Please Note: The featured product in this video and blog post, Sunset Egg, is no longer carried. Please reference our related products below.
Simple Model of How the Sky Changes Color at Sunset
Every student is sure to ask "why is the sky blue?" at one point or another. A related, but less prevalent, question is "why are sunsets orange and yellow?" This simple experiment answers both of those questions simultaneously!
The Sunset Egg is a fun and engaging demonstration on the science of light and atmospheric scattering! The egg is made of "opalescent" glass. This refers to the way it looks different at different viewing angles (similar to the gem's properties).
To use the egg hold it in one hand and close your hand around it. The egg will appear blue. Now hold it up to a source of white light, such as overhead lights. The egg will appear yellow. What's going on? How can this be used to explain the blue sky and the yellow sunset?
An oil-polished Sunset Egg, lit from below, shows both blue sky and yellow sun.
The Sunset Egg responds differently to light based on its wavelength (The sky does the same thing). This process is called Rayleigh Scattering and when light is scattered, the shorter wavelengths are scattered more often.
When light hits the egg, more blue light is scattered than red and yellow, thus the egg usually looks blue. But the light that passes through the egg has had its blue light scattered away. The remaining light is yellow and red. Looking through the long end of the egg or using multiple eggs can also increase the effect.
But how can the egg help explain the sky?
During the day the light we see in the sky comes from light being scattered by air molecules (mostly oxygen and nitrogen). Since shorter wavelengths get scattered more often, the blue light is more frequently scattered. During sunset, the light has to pass through a more of the sky and that journey causes the blue light to get scattered out sideways on its way. The result is yellow and orange sunsets.
The yellow sunset and the daytime blue sky are caused by different path lengths through the atmosphere.
This is easily seen in the egg. The light scattered sideways is blue, but the light traveling all the way through is yellow. In the case of the sky, the light is being scattered on air molecules, mostly oxygen and nitrogen, but also dust and other particulates. In the case of the egg, the light is being scattered on fine dye particles inside of the glass.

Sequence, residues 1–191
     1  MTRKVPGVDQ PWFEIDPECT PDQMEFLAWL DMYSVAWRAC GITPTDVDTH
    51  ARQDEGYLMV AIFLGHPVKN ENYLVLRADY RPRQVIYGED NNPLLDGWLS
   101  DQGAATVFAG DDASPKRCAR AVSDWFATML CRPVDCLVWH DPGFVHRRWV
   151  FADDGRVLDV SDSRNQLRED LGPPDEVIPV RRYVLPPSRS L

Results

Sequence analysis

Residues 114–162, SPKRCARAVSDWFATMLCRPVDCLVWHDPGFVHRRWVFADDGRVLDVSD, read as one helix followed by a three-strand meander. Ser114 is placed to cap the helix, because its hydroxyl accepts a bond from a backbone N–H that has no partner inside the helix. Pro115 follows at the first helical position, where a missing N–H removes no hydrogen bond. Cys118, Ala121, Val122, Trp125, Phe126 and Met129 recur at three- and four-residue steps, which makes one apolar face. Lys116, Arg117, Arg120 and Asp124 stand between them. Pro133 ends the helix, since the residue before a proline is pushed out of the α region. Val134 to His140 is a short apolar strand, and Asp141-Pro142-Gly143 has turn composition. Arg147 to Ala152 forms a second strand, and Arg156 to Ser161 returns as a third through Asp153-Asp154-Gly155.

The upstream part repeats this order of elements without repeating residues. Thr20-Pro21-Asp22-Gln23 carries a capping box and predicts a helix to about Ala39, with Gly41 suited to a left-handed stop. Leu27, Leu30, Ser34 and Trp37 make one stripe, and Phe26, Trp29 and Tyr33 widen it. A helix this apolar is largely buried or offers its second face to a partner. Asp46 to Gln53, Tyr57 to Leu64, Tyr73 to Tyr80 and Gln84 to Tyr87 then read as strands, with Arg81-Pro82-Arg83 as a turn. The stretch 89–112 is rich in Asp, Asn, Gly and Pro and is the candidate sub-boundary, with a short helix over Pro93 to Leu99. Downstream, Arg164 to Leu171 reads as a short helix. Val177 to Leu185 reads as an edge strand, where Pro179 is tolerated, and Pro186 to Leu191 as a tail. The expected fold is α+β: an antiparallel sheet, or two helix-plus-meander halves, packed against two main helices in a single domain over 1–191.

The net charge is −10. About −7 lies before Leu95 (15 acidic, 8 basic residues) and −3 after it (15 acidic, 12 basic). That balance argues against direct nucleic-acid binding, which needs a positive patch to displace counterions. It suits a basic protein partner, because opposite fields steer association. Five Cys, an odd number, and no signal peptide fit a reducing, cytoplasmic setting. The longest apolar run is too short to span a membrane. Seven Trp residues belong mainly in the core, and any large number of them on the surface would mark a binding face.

The egg behaves like a little piece of the sky, and it looks like one for the correct reason – scattering. When the light passes through a small bit of it, the egg or sky looks blue, but when light passes through a lot of it, whether it is the egg or the sky, it looks yellow.
The blue sky effect clearly shown on the top half of the egg.
When you first get the egg, it can be used immediately for these experiments. However, it might have a sheen of white dust. This can be washed off somewhat, but it is helpful to wipe cooking oil over it and then dry it off with a paper towel. This will give the egg a smooth surface and improve the demonstrations that follow.
Cooking oil provides polish for a dull egg.
The reason the cooking oil smooths out the opalescent glass egg is because oil and glass have nearly the same index of refraction; they bend light by the same amount.
The Sunset Egg makes a great gift for any teachers or science enthusiasts!
James Lincoln is an experienced physics teacher with graduate degrees in education and applied physics. He has become known nationally as a physics education expert specializing in original demonstrations, the history of physics, and innovative hands-on instruction.
The American Association of Physics Teachers and the Brown Foundation have funded his prior physics film series and SCAAPT's New Physics Teacher Workshops.
Lincoln currently serves as the Chair of AAPT's Committee on Apparatus and has served as President of the Southern California Chapter of the AAPT, as a member of the California State Advisory for the Next Generation Science Standards, and as an AP Physics Exam Reader. He has also produced Videos Series for UCLA's Physics Demos Project, Arbor Scientific, eHow.com, About.com, and edX.org.